The price of diesel fuel has dropped below the price of gasoline in parts across the country for the first time in roughly a decade.
The steep decline, which is a result of increased demand for regular gas, should come as a welcomed surprise for school administrators and transportation departments who haven’t seen this since 2004.
Diesel along the West Coast and in the Rocky Mountains region has dropped significantly in price when compared to the amount charged for regular gasoline. In some parts of California, diesel is as much as 74 cents cheaper than gas at the pump.
While the price difference has not yet reached the East Coast and the Gulf Coast, and has remained even in the Midwest, the U.S. Energy Information Administration reported that in July, the national average for a gallon of regular gasoline was $2.74, while diesel averaged $2.72.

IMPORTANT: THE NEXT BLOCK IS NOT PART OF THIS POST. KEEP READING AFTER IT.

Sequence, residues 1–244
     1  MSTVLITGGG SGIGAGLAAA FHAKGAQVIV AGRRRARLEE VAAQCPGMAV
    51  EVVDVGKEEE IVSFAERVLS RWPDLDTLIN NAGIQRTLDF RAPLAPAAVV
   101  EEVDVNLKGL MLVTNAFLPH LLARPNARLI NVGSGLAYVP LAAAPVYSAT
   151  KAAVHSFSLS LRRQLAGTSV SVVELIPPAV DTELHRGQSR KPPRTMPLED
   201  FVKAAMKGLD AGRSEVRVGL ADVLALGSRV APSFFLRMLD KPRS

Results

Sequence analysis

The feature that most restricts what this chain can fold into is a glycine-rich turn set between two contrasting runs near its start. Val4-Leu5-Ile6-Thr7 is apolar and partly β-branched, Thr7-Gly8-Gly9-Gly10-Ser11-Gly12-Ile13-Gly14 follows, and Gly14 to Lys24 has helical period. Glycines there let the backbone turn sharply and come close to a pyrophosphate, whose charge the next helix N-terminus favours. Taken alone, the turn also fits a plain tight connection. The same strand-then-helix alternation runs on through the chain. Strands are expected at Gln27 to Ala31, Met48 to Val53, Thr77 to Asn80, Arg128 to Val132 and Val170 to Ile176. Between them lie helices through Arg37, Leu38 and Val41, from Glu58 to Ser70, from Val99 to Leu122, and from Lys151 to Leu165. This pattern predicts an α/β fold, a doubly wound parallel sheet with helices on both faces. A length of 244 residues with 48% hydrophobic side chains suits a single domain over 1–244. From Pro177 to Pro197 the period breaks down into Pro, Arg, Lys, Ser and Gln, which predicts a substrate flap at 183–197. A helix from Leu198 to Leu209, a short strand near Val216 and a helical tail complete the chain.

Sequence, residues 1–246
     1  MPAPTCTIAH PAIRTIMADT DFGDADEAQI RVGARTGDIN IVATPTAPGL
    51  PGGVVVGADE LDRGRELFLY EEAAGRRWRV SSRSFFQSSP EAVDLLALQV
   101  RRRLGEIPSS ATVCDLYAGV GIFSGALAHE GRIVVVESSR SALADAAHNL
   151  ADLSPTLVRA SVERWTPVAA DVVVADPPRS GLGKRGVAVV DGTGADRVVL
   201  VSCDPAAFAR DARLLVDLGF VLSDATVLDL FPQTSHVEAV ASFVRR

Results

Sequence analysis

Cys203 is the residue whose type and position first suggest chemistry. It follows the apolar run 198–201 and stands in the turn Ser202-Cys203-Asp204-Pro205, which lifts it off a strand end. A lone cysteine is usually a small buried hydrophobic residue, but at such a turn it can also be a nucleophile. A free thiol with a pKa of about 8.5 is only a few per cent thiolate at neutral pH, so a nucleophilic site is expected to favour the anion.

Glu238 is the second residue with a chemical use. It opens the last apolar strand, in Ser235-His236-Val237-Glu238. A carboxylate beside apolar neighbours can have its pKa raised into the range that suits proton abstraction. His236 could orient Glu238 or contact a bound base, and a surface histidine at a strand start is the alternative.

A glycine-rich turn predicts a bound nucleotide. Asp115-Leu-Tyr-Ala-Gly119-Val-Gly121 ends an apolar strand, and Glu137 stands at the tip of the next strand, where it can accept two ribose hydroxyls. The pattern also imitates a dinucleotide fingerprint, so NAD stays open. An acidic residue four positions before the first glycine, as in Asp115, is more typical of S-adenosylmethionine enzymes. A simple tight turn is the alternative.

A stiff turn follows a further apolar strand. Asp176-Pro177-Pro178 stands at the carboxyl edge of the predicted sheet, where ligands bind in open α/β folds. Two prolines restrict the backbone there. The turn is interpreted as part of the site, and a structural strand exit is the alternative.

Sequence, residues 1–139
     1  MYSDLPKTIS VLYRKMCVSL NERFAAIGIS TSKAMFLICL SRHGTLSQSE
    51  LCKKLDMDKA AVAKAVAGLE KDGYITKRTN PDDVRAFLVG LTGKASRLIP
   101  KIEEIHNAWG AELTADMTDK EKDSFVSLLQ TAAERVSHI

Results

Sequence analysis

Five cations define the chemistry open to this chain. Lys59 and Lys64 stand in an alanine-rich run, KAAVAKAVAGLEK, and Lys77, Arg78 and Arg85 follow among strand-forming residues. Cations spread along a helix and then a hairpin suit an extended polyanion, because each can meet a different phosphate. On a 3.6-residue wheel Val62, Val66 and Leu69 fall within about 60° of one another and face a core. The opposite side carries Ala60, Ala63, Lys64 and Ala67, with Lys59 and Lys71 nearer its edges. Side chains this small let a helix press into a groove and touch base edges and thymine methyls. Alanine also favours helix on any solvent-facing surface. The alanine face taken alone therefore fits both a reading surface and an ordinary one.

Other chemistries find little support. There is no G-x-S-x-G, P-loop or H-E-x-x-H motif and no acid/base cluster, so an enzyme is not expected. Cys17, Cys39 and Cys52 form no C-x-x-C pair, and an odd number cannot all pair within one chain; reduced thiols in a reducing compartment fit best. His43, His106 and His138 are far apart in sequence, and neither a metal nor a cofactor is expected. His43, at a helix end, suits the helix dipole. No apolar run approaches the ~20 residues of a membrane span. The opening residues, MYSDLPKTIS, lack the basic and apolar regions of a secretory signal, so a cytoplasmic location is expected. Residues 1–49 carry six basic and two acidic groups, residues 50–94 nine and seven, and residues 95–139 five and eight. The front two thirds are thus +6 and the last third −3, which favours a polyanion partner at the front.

Since 2004, the price of diesel fuel has been steadily increasing due to a boost in worldwide demand, along with higher production costs and excise taxes, as well as marketing and distribution costs.
The U.S. Department of Energy has predicted that the prices of diesel and regular gasoline should remain low well into 2016.
Forecasts have called for average diesel prices to top out at $2.86 a gallon this year, two cents cheaper than previous estimation, with 2016 prices expected to rise to $3.03.
The average cost of regular gasoline, on the other hand, should finish 2015 at $2.48 a gallon and increase to $2.55 in 2016.
According to the U.S. Department of Energy, due to current reductions in unemployment and lower prices, gasoline demand has been projected to climb 1.9 percent to 9.09 million barrels a day for 2015.